Ryan Buck (16:33):

I think that’s great. I, you know, and I think for some people, the notion of grief specifically, if they haven’t experienced it can be difficult. So they may have a friend that they don’t know what to do in Michael’s place could be a resource for somebody like that as well.

Mindy Buell (16:47):

Oh, for sure. Um, when we get calls, you know, from people and emails that say, I’m going to the visitation of my friend’s child or husband or wife, and I don’t know what to say, can you help me? And we are always here and happy to be able to give people the words or the tools that will help them feel more comfortable because in the end, if they’re more comfortable, they will be more present for their friends.

Mark L. Wilson (17:17):

Right. That’s good to know because there’s too many times to count for me where I thought I was trying to say the right thing and pretty much put my foot in my mouth and I leave feeling really guilty. And like you said, where I somehow you just lost your father. I lost my father. And here’s how it made me feel. But maybe it’s not my time right now to talk about me. Right.

Ryan Buck (17:42):

Right. When you say, I understand, even though you may have both lost fathers, it’s still different for both of you. Right. So I liked what you said, actually that’s a personal takeaway from me is I’m your friend and I’m here for you and I will be.

Mindy Buell (17:56):

Yeah. Yeah. Another thing, you know, mark, you’re saying, you know, you lost your father and talking to someone who lost his father at that moment, you might not want to bring your father up, except in the sense of saying, I know what it feels like to lose a father and how important dads are. And I look forward to hearing about your father and who he was to you, what he brought to this world. One of the biggest things that people who are grieving, the loss of a loved one worry about is that their loved one will be forgotten. And so what a beautiful gesture of friendship to say, you know, can we go and sit down for coffee? Cause I would love to hear anything that you’d like to share about your dad.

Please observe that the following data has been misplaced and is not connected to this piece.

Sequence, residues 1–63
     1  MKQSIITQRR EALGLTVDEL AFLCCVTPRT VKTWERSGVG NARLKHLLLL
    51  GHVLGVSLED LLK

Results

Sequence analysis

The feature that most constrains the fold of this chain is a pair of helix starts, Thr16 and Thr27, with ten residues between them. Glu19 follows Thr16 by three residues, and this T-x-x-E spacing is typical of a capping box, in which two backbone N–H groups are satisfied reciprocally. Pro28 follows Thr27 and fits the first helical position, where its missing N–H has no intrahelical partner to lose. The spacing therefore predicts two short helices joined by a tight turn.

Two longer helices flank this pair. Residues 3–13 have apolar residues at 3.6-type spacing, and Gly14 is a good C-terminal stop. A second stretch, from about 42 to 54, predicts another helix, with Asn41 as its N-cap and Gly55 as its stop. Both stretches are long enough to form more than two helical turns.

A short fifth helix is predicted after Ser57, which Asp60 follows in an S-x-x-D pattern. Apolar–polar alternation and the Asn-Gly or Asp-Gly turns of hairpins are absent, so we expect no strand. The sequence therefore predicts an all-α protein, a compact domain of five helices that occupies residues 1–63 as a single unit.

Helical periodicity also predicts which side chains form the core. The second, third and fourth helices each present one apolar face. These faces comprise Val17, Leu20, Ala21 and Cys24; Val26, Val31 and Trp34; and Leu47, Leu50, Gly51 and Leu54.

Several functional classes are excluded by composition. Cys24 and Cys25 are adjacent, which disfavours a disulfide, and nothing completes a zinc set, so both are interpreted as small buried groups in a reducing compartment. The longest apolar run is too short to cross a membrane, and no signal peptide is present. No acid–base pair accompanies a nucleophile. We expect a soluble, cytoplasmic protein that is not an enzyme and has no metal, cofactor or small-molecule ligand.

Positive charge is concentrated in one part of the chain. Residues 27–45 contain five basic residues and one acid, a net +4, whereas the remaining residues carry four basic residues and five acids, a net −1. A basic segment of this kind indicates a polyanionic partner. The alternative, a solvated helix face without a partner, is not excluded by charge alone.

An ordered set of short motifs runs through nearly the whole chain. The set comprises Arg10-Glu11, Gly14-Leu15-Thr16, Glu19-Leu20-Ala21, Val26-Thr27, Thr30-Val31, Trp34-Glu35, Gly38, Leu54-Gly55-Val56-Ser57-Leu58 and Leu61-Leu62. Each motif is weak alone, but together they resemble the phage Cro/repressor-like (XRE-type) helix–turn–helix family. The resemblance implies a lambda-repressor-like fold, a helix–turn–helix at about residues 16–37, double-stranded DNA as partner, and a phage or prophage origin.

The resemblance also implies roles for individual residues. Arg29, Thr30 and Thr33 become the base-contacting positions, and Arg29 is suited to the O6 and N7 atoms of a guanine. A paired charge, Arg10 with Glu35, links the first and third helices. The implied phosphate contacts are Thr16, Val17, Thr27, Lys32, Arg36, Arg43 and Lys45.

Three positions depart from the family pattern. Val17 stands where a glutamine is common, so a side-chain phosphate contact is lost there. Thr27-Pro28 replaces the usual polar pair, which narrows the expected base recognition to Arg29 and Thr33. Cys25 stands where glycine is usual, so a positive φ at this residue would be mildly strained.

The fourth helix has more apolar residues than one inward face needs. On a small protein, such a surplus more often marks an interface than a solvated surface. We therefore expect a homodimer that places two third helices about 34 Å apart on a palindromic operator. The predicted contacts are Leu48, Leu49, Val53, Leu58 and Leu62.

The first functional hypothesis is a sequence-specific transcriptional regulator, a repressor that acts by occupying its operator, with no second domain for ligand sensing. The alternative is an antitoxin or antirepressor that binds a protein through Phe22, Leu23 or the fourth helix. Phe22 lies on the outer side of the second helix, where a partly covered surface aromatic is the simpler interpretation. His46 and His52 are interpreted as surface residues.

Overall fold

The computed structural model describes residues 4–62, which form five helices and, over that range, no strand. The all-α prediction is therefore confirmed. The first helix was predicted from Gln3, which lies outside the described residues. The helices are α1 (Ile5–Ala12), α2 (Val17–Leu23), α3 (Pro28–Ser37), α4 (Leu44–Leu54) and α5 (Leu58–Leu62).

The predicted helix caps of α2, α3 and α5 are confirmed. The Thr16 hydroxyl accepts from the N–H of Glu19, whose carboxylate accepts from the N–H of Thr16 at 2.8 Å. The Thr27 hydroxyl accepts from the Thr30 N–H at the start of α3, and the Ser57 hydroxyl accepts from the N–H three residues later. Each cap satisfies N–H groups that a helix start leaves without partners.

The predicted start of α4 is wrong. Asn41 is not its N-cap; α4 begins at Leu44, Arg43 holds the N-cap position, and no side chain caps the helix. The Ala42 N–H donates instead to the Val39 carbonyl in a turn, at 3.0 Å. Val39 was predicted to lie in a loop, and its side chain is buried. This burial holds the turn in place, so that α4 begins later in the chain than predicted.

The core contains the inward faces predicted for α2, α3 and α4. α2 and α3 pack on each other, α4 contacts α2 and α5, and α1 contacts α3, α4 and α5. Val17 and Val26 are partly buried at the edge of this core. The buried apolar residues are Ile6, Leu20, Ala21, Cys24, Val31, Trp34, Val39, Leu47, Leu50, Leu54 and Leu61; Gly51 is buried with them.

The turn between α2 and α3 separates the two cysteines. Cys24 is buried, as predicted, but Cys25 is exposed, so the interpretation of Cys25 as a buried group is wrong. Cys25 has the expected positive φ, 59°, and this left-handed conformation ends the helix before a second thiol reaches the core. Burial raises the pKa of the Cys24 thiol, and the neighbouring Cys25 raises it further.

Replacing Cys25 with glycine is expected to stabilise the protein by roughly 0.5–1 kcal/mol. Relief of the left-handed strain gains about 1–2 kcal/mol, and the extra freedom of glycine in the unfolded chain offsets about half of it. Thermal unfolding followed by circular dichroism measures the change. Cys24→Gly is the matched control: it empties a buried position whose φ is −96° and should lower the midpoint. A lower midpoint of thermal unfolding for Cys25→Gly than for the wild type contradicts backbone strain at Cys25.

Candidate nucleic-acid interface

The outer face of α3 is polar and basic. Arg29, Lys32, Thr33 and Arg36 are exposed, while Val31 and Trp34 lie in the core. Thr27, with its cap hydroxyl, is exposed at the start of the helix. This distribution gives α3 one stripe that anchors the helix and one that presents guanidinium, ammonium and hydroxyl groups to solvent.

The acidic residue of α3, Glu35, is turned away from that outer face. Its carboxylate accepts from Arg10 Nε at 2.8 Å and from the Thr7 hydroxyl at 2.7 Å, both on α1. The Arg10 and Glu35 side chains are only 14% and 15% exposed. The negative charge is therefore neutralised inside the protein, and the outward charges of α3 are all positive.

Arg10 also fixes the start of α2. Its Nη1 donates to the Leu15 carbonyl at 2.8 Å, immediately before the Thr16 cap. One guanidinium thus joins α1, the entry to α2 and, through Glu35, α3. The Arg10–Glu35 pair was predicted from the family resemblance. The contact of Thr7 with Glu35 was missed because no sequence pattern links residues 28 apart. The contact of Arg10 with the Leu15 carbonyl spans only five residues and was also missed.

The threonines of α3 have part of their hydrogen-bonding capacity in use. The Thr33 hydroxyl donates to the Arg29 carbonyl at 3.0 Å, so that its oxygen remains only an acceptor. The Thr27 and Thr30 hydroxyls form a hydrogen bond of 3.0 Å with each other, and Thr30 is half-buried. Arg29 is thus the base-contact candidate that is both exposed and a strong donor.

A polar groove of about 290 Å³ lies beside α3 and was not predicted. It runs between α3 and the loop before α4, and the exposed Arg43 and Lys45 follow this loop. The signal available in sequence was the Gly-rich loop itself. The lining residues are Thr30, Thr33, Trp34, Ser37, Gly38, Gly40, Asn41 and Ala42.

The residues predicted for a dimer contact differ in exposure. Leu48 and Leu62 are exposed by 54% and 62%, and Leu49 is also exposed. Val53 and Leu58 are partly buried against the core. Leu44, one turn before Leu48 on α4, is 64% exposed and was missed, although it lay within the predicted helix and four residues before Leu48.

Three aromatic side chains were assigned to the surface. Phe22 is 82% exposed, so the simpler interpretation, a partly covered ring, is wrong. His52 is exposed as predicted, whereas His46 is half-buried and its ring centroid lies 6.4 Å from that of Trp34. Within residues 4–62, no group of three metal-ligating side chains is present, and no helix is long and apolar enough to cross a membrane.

Ryan Buck (18:39):

And you know, there are, we’re seeing this now just regular people who are doing that, but in a setting like this, and they’re recording that for posterity, it could be just a session like this. And you just say, let’s talk about the good times, whatever we want to talk about. And you have something for a long time, which is about remembering and positive. Absolutely.

Mindy Buell (18:58):

That’s part of, one of the programs that we have at Michael’s place. We were really grateful a couple of years ago to be recipients. We were one of six organizations in the country to be chosen by story Corps, which is an oral history organization and StoryCorps, they capture conversations. It’s really about bringing people together and bringing conversations of questions and answers. And so they did a program called road to resilience and they offered it, you know, for any organization in the country, we were recipients of it. They came from New York city to traverse city, of course, in the coldest days that we’ve ever had. And in 2000 years, yes. And they did a training for 12 of us at Michael’s place and train us on the equipment as well as the conversation. And we have recorded now 24 conversations and yes, I mean, we did it with triplet brothers who are in high school. They had a conversation amongst themselves about the death of their sister. We had conversations with mother and child about the death of a parent. I mean, there are a lot of things. And so conversations are so important.

Ryan Buck (20:19):

It seems like that’s always going to be part of the healing process listening, but just purging, you know, I’m sure that there’s a catharsis there, but that brings us to the restoring hope campaign and meeting Karen and Sarah, the, uh, Sarah mom that got me, uh, uh, the, the bookmark came out of the, that that’s. So obviously we’re talking about very emotional stuff and it’s, again, it’s, it’s very effective because, you know, as a nonprofit, you, it needs support from grants and fundraising events, sponsors volunteers, right. But this is something that you, you know, deal with every day. And so that’s where you got me a little ahead of time. How do you maybe leave work at work and how do you not get too consumed by all of this? Because like you said, um, there’s so much positivity, but there’s a lot of tough stuff. And I think it takes a lot of fortitude.

Mindy Buell (21:21):